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Why Africa can't afford to have an outbreak of the Zika virus

Why Africa can't afford to have an outbreak of the Zika virus | Virology News | Scoop.it
With limited laboratory capacity and a lack of experts and funding, an outbreak of the Zika virus in Africa could be problematic.
Ed Rybicki's insight:

Yeah...sure.  It could be Bad.

 

BUT: as South African epidemiologists have pointed out, it'll only be a problem IF the mosquito that transmits it elsewhere, comes here - because our local A aegypti doesn't have the same behaviour, and will vastly outnumber and possibly outcompete any import variety.

 

And it's endemic in tropical Africa - meaning many people are immune already.

 

So scaremongering about Zika in Africa is possibly a little irresponsible - unless it's being used as a stalking horse for an agenda for setting up continent-wide arbovirus surveillance, or spurring on efforts to set up an African CDC.  Which I would heartily endorse.

 

The stuff about lack of reagents is spot-on: which is why we have a proposal in the works to provide just such, using plants to it.  Watch this space....

8A Luiza 's curator insight, February 11, 2016 10:31 AM

From 2014 to the end of 2015, some countries of Africa had faced a horrible outbreak of Ebola hemorrhagic fever that killed too much people, leaving a shattered nation. Hunger, diseases, malnutrition and poverty are still found in a lot of parts of Africa. And now, how would an unprepared nation face another outbreak, a disease called Zika fever, that can dramatically affect the African continent?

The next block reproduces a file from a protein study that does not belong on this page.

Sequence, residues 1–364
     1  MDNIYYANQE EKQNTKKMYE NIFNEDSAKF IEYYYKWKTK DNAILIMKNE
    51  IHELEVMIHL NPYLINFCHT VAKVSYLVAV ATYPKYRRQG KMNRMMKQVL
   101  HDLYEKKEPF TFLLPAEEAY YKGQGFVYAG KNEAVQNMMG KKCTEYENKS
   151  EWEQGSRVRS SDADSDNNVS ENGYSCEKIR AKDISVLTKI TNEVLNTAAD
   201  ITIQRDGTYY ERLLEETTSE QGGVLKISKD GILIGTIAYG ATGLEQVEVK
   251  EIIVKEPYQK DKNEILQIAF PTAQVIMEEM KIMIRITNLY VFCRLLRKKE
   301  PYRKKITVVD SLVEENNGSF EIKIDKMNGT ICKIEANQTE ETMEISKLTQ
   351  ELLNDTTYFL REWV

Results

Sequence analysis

According to the article, the Zika fever is a mosquito - borne viral disease caused by the zika virus which is suspected of leading to the birth of deformed babies, it is transmitted to humans when an infected Aides mosquito stings a person. Direct human to human transmission through sex has also been reported.

 

Nowadays, Africa is passing a very difficult moment, still have too much poverty in some countries of Africa, thus giving input to a lot kinds of diseases because unlike US, there is not an unified body of health experts on the continent, and no money to have all the necessary infrastructural and human capacity to diagnose Zika. It seems like a far reality of all of us, but this is OUR planet, we are all humans, and we need to find a solution for this huge problem. How can we spent so much money in many futile things, while we look to some parts of Africa and people are starring, dying from diseases that could be treated with simple remedies, but they do not have enough money to basic things.  The zika outbreak had already arrived in Brazil in a frightening amount and it will be in Africa not too late (if we consider the easy retention of diseases in places where hygiene and basic sanitation are precarious). How will the continent deal with it?